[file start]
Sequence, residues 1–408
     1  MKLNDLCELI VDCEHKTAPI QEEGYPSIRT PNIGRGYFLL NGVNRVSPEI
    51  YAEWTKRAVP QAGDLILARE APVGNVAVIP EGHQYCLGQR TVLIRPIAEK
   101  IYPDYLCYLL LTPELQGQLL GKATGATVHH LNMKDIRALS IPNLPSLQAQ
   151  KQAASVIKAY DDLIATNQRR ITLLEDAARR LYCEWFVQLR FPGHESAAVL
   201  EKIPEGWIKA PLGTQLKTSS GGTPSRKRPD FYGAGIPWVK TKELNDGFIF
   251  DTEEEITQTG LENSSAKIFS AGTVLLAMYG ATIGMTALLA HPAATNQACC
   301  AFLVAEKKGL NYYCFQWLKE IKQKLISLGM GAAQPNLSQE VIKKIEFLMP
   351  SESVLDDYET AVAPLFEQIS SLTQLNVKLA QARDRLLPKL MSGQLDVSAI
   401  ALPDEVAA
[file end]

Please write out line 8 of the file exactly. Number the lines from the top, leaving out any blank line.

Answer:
   301  AFLVAEKKGL NYYCFQWLKE IKQKLISLGM GAAQPNLSQE VIKKIEFLMP